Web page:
Thanks everyone for the kind comments.
With regards to my comment on substandard skies, what I was implying was that the captures for this object were done in relatively poor viewing locations compared to some of the better locations we have here in NJ and despite some local astrophotographers I know locally that say its impossible to get good images from these particular locations (and also claim these places SUCK), I wanted to make known even with skies that are less than ideal, good images can be obtained.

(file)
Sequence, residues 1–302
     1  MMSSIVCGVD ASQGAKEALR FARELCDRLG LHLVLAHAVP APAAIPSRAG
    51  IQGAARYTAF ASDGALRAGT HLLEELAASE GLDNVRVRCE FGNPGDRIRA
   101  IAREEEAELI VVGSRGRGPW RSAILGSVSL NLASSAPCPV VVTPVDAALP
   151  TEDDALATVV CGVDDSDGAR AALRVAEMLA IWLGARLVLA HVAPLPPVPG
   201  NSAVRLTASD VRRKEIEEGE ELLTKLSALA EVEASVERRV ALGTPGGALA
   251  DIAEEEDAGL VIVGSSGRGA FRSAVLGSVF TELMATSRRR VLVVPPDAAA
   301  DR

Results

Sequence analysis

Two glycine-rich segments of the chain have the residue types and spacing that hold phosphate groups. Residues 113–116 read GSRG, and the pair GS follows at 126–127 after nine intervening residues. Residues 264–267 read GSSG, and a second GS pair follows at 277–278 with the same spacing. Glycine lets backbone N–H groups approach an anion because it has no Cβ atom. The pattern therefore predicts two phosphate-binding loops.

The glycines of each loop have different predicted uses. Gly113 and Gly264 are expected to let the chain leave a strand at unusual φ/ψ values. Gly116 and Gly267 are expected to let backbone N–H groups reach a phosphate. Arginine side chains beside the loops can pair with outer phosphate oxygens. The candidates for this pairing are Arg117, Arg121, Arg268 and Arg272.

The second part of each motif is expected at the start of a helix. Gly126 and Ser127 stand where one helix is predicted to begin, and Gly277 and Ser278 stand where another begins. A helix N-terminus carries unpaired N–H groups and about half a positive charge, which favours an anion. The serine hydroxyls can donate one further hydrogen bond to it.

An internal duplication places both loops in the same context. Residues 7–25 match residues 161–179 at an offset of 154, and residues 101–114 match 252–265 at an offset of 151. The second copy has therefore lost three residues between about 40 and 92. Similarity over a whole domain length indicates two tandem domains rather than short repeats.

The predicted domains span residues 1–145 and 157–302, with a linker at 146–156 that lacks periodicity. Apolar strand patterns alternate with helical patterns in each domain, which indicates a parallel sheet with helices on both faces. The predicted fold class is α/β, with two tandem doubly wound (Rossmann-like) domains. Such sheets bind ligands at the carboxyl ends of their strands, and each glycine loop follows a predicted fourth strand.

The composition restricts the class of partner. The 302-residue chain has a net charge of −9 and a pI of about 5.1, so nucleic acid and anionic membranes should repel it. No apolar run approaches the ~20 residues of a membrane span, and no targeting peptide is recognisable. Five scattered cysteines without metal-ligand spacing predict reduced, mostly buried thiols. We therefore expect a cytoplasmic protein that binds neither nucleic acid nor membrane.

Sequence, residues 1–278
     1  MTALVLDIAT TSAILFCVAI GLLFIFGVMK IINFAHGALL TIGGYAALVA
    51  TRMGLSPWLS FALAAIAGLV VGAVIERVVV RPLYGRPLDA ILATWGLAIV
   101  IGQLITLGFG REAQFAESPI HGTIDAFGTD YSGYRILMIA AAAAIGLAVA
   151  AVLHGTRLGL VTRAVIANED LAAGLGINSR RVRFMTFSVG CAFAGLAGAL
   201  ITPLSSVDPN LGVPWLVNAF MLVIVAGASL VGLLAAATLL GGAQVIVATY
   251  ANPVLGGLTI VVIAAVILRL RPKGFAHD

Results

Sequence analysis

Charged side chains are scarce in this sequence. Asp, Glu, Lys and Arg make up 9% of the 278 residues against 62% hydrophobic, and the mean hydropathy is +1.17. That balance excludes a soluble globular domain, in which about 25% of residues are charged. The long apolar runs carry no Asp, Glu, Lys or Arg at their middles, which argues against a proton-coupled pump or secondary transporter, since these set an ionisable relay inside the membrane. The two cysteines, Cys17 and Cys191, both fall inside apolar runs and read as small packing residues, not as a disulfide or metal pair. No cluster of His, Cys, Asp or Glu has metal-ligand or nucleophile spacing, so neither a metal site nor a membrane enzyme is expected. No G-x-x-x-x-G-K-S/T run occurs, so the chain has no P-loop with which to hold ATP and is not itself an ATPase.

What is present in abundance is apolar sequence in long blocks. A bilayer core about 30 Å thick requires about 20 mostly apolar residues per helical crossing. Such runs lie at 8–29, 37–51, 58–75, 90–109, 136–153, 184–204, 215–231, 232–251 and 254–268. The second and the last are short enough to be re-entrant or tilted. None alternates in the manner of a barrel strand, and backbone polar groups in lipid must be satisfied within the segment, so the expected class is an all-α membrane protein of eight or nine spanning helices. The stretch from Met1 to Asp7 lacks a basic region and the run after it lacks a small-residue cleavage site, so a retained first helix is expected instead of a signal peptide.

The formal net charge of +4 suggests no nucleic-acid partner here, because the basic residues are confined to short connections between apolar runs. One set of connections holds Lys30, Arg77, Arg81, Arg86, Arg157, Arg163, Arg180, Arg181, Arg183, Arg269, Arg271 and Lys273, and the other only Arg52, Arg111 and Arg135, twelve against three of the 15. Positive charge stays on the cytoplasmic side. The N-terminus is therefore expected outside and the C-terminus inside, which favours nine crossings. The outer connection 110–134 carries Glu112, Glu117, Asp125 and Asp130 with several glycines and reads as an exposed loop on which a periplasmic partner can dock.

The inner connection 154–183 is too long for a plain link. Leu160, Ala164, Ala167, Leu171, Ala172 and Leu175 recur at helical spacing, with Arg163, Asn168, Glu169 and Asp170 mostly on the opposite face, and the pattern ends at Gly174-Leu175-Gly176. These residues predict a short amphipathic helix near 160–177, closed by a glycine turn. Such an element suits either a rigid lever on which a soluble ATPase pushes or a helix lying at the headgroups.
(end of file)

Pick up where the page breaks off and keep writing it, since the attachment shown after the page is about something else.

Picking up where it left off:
My conclusion is that you really don't need really dark skies to get really good images. That's simply a myth. Of course, the Leo Triplet is a relatively bright object, and if you are looking to capture extremely faint dust and nebula, then yes, you do need the really dark skies.
The better locations in my area have skies that are around 21.0 - 21.3 typically as measured with my SQM meter.